Search This Blog

Monday, January 21, 2013

Monday Morning Check In: The Last Holdout


Written by Paula E. Bird ©2013
“If I try to use human influence strategies and tactics of how to get other people to do what I want, to work better, to be more motivated, to like me and each other – while my character is fundamentally flawed, marked by duplicity and insincerity – then, in the long run, I cannot be successful. My duplicity will breed distrust, and everything I do – even using so-called good human relations techniques – will be perceived as manipulative. – Stephen Covey, American author and educator (1932-2012)
I have a character flaw, at least, I think it may be a character flaw. I am the last holdout in voicing my public opinion when it relates to a public figure being involved in doing something wrong. Maybe I want to give people the benefit of the doubt, or maybe I want to believe that people really are good at heart and that the world is progressing in terms of truly being civilized. Maybe I want to be absolutely certain of the truth before I cast my vote to ruin someone’s career, reputation, and influence. Maybe I want to be careful not to form an opinion that will negatively impact or otherwise cast undue aspersions on other possibly innocent people.

I was probably the last person to accept the Clinton-Lewinsky “affair.” I just could not wrap my head around the fact that someone with such important responsibilities to so many people in the country and the world would take the risk of ruining his marriage, his reputation, his influence, and almost his job, for doing something incredibly stupid, in my opinion. I could not fathom that someone in his position would lack good sense and would take such a stupid risk for such a stupid return. I apologize for my strong language here, but I really do think the whole affair was so stupid as to deserve strong ridicule. I was embarrassed to finally accept that I was wrong, that someone really could make such a stupid decision. I still shake my head over that one.

Then there was the O. J. Simpson saga. I remember watching the police chase him down one of the LA freeways, and I kept urging through the television to back off and give him space. I know people who do not respond well when under the slightest pressure, and having police chase you down freeways that have been emptied and closed off from the public represents an incredible amount of pressure. Give him space, I thought. Give him a chance to think without pressure so that he will stop running away. Of course, we all know how that story ultimately turned out in the end after endless legal battles in the criminal and civil arenas, and again I have to shake my head at myself for wanting things to turn out differently, for wanting to believe that someone was innocent of doing something that would seriously impact his children’s lives in a heart-rending way.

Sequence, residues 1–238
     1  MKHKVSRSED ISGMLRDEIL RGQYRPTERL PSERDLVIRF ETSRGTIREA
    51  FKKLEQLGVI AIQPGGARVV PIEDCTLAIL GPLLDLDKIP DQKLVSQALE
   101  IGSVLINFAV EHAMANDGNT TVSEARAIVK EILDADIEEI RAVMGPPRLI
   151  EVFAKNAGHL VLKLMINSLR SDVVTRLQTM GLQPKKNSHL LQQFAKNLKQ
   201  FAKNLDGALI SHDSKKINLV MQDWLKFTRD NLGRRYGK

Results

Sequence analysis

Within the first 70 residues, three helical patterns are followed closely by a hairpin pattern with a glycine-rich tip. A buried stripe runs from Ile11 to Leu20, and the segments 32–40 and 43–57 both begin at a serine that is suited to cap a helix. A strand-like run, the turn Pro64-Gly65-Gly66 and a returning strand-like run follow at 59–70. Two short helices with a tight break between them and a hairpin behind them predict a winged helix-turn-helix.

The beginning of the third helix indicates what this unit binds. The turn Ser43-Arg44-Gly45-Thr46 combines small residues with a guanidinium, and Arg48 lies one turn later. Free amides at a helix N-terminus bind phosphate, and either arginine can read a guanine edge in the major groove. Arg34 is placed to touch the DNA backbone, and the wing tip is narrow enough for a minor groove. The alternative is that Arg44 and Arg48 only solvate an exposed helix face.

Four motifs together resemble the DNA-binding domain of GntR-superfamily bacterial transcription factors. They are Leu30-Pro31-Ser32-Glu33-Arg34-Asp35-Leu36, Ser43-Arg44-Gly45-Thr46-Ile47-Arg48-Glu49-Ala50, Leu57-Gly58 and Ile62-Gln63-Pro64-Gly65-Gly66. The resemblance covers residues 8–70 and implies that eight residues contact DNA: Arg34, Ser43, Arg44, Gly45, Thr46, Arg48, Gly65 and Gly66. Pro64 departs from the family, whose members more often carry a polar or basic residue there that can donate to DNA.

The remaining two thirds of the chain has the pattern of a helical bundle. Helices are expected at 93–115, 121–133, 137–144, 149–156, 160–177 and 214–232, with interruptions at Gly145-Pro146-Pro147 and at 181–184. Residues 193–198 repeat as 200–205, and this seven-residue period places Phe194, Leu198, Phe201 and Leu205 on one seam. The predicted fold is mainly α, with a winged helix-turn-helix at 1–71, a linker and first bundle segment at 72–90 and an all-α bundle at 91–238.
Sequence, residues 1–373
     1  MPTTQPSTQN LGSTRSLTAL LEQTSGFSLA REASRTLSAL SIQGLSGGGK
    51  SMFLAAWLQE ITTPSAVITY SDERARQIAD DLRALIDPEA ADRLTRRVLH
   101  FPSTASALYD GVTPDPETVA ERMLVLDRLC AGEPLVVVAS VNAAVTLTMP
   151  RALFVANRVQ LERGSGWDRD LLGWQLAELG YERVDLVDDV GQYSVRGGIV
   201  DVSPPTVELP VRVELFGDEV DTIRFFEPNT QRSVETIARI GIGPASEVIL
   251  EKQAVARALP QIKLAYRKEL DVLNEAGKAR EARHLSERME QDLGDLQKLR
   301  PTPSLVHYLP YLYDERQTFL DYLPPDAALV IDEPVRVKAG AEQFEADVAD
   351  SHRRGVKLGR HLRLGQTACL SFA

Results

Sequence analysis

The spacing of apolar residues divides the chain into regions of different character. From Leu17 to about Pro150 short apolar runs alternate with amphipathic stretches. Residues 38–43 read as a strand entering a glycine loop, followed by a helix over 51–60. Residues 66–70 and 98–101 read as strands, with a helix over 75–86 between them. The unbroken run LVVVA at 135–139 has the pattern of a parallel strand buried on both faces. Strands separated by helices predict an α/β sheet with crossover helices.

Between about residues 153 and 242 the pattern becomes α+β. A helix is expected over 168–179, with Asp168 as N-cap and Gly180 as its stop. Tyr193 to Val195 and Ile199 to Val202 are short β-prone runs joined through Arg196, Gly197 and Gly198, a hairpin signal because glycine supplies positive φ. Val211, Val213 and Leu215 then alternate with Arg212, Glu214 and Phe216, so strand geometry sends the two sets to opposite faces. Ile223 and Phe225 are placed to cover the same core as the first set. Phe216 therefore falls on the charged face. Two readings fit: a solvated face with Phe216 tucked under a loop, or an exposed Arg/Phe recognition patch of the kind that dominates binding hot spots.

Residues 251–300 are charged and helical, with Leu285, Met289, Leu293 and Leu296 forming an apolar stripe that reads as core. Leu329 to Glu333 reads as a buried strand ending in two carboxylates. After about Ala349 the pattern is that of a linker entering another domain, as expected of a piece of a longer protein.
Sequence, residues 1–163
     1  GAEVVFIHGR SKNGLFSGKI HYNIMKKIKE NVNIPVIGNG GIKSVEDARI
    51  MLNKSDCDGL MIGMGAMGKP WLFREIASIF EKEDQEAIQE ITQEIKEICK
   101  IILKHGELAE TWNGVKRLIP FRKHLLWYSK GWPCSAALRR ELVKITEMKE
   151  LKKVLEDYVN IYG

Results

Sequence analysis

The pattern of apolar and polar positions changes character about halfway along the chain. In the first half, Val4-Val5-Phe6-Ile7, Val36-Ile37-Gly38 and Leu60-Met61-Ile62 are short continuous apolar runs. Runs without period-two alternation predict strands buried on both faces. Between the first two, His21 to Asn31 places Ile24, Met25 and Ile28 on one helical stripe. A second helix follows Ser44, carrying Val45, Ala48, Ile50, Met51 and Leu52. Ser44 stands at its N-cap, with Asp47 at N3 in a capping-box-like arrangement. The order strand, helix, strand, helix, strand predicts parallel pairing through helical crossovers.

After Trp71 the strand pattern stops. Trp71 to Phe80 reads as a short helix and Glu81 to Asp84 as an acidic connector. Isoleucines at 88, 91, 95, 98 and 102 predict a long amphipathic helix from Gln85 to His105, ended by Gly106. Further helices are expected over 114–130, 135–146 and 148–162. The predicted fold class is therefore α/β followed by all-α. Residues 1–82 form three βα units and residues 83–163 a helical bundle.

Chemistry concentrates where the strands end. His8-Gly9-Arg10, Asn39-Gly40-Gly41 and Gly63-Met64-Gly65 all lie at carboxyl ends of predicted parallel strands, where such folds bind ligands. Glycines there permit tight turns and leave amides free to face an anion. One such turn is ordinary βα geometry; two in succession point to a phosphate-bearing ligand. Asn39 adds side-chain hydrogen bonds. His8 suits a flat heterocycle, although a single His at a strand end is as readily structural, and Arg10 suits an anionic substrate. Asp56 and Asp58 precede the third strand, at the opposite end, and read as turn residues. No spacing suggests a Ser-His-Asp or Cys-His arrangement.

Then there are the events of this past week and the past year with Lance Armstrong. Again I held off from voicing my opinion or even forming an opinion. How could someone ruin his life and the lives of others in such a large way? How can this thing be so big and escape public notice for such a long time? In my defense, as an attorney I can understand how it is possible to make a decision to give up in order to get rid of a nuisance. In fact, lawyers nickname these sorts of cases “nuisance suits,” where a suit is brought against a company or other large entity or public figure for the purpose of gaining money, because the company may determine that it makes more business sense to pay off the suit rather than take it to a final decision in court. So I understood why Mr. Armstrong could finally give up the battle of clearing himself from all the charges leveled against him that had no backing in terms of showing that he had actually tested positive for doping. I could believe for the better that Armstrong was tired of the struggle and it made more sense to him to make it stop.

I was alright with that decision, although it saddened me that he had to give up so much of his life’s work in exchange for making this decision: stripped of his titles, his awards, his money. Then one day a friend strongly expressed an angry opinion about Armstrong’s ex-wife and her still writing for a big name running magazine, and I realized that with Armstrong’s giving up the battle, he also opened the door for many others in the world to be painted over by the same brush that had shadowed Armstrong. That seemed unfair to me, that Armstrong’s decision would impact negatively on so many others. I struggled with the entire issue and with what to believe was the actual truth of the matter.